The only person who pays attention to an "unvote" is the campaign strategist for the winning candidate; she's the one who's glad her opponent's candidate was the beneficiary of every single unvote not in the ballot box.

 If votes don't count, we're to blame. Make them count again. Try showing up and voting, each and every election, in a way that Americans (and Canadians, unfortunately) haven't been regularly doing for 20 plus years. Bet you a nickel that they start counting again.

 And after you've voted, don't walk away. You didn't think your responsibilities ended with the election canvass, did you? Our biggest job as citizens is just beginning.

We have a responsibility to keep ourselves informed on issues, even the ones we don't care about, because they can still be important. We must pay attention to what our elected representatives are doing, what they're saying, what laws they're drafting or co-sponsoring, what committees they're on,

 That's not difficult, friends. The information is out there, and easy to get, via C-Span, the news, and our elected representatives' own offices. Oh, and this; Teh Intarwebz, where those representatives can be checked out via their sites and others. (What, you thought it was just LOLcats and porn?)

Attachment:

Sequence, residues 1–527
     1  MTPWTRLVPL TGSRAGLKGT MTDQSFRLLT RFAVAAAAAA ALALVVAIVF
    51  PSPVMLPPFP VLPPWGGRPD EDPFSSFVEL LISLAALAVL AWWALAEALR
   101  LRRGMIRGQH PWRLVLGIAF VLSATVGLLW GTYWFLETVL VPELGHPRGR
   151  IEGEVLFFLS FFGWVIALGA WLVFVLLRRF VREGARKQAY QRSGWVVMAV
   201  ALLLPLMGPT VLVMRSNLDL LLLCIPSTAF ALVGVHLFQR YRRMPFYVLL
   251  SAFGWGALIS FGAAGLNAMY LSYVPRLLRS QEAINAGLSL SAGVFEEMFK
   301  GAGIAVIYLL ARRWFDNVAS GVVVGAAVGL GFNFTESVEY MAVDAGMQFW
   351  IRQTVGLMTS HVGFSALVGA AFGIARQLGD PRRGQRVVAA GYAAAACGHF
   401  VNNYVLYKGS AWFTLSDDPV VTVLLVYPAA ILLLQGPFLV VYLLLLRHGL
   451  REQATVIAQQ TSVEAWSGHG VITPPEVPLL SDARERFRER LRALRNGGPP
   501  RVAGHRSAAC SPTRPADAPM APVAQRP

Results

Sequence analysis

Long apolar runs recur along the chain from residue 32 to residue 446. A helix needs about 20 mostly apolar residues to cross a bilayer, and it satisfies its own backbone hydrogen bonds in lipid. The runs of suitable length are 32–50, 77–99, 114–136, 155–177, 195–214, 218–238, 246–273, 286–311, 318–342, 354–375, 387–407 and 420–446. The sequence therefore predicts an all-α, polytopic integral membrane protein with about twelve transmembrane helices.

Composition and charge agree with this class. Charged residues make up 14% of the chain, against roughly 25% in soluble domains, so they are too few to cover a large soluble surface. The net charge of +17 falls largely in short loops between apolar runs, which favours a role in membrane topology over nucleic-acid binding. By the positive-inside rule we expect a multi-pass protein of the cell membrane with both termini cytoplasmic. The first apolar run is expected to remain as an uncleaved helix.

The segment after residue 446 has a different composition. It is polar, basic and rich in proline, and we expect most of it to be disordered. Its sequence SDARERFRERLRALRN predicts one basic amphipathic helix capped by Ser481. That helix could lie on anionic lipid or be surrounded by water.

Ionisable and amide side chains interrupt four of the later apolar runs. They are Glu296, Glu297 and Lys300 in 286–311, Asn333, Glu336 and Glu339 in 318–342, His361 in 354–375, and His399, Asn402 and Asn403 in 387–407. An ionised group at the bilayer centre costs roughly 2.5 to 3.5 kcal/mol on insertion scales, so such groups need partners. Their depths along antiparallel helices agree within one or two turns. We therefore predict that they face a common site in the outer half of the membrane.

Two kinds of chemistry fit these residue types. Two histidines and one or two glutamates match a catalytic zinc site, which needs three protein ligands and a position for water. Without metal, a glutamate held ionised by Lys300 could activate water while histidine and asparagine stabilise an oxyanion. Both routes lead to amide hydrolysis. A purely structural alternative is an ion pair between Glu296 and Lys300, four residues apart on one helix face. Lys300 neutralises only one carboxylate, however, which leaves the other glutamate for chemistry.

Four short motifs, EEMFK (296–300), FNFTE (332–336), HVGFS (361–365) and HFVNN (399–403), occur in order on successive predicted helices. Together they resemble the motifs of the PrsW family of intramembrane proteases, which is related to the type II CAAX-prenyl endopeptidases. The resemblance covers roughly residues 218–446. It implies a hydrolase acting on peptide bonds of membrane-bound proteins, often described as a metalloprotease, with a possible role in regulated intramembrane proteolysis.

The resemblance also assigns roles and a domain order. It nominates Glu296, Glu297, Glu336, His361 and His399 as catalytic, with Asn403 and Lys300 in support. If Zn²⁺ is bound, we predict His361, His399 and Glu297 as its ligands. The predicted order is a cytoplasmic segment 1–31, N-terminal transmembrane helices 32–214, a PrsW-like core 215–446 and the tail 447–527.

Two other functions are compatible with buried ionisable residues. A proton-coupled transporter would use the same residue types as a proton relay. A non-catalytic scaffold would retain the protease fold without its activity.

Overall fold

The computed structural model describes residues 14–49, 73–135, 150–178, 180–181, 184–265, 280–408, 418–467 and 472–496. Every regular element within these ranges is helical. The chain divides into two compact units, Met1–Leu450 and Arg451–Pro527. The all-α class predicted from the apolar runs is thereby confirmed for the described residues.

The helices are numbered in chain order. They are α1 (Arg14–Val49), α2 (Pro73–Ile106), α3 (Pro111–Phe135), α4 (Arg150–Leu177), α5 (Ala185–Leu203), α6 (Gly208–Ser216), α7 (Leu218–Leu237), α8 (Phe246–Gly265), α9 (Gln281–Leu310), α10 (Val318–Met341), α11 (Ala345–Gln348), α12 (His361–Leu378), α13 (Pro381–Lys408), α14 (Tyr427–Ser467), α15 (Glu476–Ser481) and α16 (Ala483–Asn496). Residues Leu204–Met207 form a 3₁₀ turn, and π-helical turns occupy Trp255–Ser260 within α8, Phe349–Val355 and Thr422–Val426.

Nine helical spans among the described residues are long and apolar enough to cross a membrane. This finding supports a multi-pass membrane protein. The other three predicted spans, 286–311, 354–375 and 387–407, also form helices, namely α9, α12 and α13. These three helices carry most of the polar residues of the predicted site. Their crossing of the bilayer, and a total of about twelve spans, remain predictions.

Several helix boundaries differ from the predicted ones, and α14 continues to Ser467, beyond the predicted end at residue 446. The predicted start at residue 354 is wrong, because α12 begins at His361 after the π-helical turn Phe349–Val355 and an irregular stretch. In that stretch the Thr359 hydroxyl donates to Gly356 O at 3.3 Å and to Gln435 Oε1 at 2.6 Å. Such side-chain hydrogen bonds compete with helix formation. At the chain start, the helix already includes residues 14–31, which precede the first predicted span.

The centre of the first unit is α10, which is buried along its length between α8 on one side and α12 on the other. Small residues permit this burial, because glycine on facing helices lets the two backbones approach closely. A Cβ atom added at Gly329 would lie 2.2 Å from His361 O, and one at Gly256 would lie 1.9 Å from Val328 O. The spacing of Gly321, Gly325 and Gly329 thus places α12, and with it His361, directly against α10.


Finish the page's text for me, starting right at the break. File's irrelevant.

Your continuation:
Then use your phones, your emails, your "send" button (I used to mention faxes, but I'll relegate faxes to the shelf where we put rotary dial AT&T phones, Zenith 15" black and white televisions and oil lamps.) Let our elected representatives - at all levels - know what we think of their performance, their votes, their comments, how they're doing on subcommittees, etc. We have to tell them what we want them to do for us and for the country.

 In short, we must hold our reps' feet to the fire. Surprisingly, it works. They pay attention when we do that; take it from someone who's watched the system. Even the less than stellar ones will pay attention. It's hard, but it's the way human constituents must and should interact with their very human representatives.

 And we're more apt to get civil, informed discourse in the political arena if we take the five minutes to call (even if you just speak with an assistant, be assured the message will get through) and say something like this: